Quips and Video Clips

Fawlty_Towers_HotelWe all have our favorite Fawlty Towers episodes, but some bits never lose their ability to make us laugh no matter how often we’ve seen them. It’s those bits that have kept its audience coming back for more. Fawlty Towers celebrated its 40th anniversary this past year, and from all accounts it continues to gain fans year after year. With only two seasons and 12 episodes recorded, it makes it somewhat of a phenomenon.

Another marker on the trail for fans who travel along the Fawlty Towers journey, is the fact that the hotel that inspired the series is scheduled for demolition, and is being torn down shortly after the first of the year. There can never be another. That’s life and there will be no rapid prototyping the old place.

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A Stage Revival of Fawlty Towers?

gold mask of tragedy and comedy between a red theatre curtainFawlty Towers almost didn’t make it to the viewers’ screen. Nearly landing in the back room, the graveyard of would be sitcoms, Fawlty Towers ran its pilot episode, and was completely panned by the executive producers. Too contrived, dated and comically predictable were some of the criticisms. Not sophisticated enough for audiences who were becoming more discerning in their taste for entertainment. Comments made to the effect that it was too vaudevillian and dated, were among the disapproving banter.

Ian Main, the BBC’s editor in 1974 nearly flushed the pilot down the plumbing and is quoted as having said: “ A collection of cliches and stock characters which I can’t see being anything but a disaster.” Fortunately, he was wrong. It was televised and every subsequent week since it first aired, its fan base has grown worldwide by the millions. In fact, at the turn of the century, Fawlty Towers was declared the best TV series of all time by the British Film Institute. Its regard of John Cleese’s “moments of genius” throughout the 12 episodes have been acclaimed as untouchable and unforgettable.

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More Of The Fawlty Towers Family

Manuel of Fawlty TowersBasil is a bit of a buffoon, it’s one of the things we like about his character. There are parts of him that we can all relate to. Feeling put upon or over stressed by the small bits of life, having our priorities in the wrong order, wanting to please ourselves first. In all honesty, we all share portions of these traits at some point during our day. Nonetheless, we get to see them acted out in such elegance and chicanery through Basil Fawlty’s personality that we likely don’t mind relating a little personally to Basil’s bizarre antics. What builds a good TV personality – one that we want to tune in again and again, is the fact that in some way we can relate.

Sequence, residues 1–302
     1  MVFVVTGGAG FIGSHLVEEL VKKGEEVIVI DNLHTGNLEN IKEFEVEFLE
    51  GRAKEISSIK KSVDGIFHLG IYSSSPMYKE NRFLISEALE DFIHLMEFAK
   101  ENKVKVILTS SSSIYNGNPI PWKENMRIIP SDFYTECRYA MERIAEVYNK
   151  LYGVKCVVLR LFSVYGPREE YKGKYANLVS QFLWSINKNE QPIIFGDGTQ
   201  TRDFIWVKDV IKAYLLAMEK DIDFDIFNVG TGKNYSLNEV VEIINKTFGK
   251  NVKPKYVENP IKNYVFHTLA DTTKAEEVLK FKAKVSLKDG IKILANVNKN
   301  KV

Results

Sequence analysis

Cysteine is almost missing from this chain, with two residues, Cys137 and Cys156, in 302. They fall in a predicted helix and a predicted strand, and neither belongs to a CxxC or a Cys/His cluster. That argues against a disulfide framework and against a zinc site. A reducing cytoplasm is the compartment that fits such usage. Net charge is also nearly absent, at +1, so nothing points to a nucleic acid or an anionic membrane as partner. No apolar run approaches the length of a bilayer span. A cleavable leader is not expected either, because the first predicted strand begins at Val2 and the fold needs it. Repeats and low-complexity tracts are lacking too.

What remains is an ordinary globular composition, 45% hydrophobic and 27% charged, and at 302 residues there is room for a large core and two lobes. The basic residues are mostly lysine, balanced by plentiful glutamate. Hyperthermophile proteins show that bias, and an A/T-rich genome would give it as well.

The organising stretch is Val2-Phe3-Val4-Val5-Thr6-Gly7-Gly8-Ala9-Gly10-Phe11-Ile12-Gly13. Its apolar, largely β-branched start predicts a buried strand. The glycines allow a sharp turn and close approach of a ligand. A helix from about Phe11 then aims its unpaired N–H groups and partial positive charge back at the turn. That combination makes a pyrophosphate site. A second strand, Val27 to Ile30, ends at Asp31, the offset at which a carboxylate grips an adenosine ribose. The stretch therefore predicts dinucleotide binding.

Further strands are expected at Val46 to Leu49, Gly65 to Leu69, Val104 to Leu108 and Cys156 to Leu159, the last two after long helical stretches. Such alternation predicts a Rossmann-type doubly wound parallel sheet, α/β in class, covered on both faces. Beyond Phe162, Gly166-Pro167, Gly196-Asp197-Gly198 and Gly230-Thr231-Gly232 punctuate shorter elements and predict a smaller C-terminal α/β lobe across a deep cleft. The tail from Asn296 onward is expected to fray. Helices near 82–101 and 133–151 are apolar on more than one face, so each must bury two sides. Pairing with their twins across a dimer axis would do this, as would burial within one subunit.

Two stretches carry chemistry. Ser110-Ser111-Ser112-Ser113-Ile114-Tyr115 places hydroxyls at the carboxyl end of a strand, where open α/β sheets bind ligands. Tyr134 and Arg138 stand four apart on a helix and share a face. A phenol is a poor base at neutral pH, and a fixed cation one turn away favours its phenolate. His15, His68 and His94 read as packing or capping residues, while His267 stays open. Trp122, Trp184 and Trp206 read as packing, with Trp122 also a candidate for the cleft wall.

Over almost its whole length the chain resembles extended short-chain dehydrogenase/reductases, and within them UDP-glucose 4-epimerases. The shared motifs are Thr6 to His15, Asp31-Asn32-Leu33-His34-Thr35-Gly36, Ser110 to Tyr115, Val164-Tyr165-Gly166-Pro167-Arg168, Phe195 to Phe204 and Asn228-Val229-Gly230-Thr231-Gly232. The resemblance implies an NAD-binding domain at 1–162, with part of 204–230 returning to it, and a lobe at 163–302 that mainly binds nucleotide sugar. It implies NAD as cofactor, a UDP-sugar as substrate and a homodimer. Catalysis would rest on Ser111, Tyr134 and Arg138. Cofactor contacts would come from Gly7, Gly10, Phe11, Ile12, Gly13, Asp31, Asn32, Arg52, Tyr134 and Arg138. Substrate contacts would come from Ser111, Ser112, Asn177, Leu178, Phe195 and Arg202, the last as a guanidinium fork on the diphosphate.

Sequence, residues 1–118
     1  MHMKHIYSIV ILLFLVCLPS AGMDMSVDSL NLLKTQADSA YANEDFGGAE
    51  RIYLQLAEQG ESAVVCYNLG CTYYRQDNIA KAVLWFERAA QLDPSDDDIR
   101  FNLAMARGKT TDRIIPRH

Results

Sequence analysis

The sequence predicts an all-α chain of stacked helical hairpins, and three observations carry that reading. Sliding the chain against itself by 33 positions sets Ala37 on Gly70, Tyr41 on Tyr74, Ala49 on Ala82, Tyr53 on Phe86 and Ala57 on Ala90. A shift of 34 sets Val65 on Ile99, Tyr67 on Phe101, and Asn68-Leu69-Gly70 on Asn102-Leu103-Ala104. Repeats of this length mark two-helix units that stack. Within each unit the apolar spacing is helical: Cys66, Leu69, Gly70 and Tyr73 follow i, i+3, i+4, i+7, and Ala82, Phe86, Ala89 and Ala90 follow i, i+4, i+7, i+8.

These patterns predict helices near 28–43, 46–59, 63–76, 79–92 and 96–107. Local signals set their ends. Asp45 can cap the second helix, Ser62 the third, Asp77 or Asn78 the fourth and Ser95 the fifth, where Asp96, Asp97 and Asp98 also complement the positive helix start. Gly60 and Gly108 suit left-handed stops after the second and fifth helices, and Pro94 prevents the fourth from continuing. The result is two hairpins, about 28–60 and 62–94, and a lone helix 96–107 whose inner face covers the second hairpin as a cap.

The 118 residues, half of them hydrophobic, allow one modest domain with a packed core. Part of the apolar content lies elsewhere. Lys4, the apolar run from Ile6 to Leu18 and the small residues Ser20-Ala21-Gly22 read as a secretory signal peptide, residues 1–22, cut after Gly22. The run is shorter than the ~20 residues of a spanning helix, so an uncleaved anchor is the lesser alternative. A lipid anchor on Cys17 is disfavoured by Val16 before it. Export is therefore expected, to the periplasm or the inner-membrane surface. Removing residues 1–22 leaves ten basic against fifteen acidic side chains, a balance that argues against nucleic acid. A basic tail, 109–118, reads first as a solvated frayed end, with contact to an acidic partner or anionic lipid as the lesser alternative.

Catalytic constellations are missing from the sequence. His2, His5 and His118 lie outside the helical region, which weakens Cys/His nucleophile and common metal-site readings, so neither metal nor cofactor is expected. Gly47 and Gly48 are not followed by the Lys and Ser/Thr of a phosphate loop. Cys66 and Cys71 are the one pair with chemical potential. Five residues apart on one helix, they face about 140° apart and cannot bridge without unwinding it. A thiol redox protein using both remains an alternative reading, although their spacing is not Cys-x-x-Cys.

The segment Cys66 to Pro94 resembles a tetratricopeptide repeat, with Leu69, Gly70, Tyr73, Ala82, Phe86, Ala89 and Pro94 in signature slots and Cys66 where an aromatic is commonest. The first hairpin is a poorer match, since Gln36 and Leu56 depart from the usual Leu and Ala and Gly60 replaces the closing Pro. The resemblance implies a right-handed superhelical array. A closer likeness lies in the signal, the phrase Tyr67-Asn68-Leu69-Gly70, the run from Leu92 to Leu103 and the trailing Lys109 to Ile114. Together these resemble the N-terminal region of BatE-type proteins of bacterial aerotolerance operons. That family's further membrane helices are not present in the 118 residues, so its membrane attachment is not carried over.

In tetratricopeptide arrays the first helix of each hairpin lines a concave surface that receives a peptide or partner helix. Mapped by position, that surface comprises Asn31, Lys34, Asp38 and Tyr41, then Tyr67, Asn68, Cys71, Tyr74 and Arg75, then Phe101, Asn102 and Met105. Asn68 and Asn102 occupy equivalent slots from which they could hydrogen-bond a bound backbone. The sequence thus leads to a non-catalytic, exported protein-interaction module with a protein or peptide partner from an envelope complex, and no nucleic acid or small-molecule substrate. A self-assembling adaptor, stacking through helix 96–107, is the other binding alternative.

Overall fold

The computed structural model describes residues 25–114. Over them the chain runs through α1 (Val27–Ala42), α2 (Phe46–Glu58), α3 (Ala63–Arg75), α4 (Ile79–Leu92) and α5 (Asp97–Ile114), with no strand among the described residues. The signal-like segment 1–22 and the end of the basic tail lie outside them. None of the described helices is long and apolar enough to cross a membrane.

If a character is too stereotyped, it get’s a bit boring. For my taste the character of the waiter, Manual played by Andrew Sachs gets overdone with his supposed inability to understand English.   Of course, it’s by design that he plays dumb to any instruction given in English, and in my opinion, many of his scenes could have been produced in a 3D printer, same, same. Predictable and structured to frustrate the bajeebas out of Basil, Manual’s role, is from my point of view a bit tiresome. John Cleese’s Basil makes the most out of the tiresome theme, and thereby still produces a laugh out of me and the rest of his audience, so I have to concede; mission accomplished.

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Fawlty Towers Celebrates It’s 40th

fawltytowers staffFawlty Towers, also known in my house as Friday Towers (see About Page) is a dry, quick witted, English comedy, aired on the BBC network. It is about a small country hotel owned by Basil Fawlty and his wife Sybil, played by Prunella Scales. Why they ever got into the hospitality business is beyond any of us viewers’ imagination since the character of Basil is “annoyed by the general public who insist on staying at hotels.”

You would think they would be better suited to work in something like the construction industry as a landscaper or paving contractor where you don’t have to deal with people every waking minute of the day. Sybil is wound tighter than a cat’s hairball. She always finds Basil to be a complete boob and doesn’t hesitate to tell him so. Sybil can best be described as “harpy” with her screen spouse, but the digs are clever and worth the ear.

The backdrop of the hotel business, of course lends itself perfectly to any number of scenarios where Basil, played by John Cleese, is hoisted by his own petard. The combination of being self-employed in a business that he is fairly inept, and having a partner /aka wife who can’t see him doing anything right paves the way for one convoluted and hilarious disaster after another. The British dry sense of humor is the perfect backdrop for the condescension that Basil shows towards guest and employees alike.

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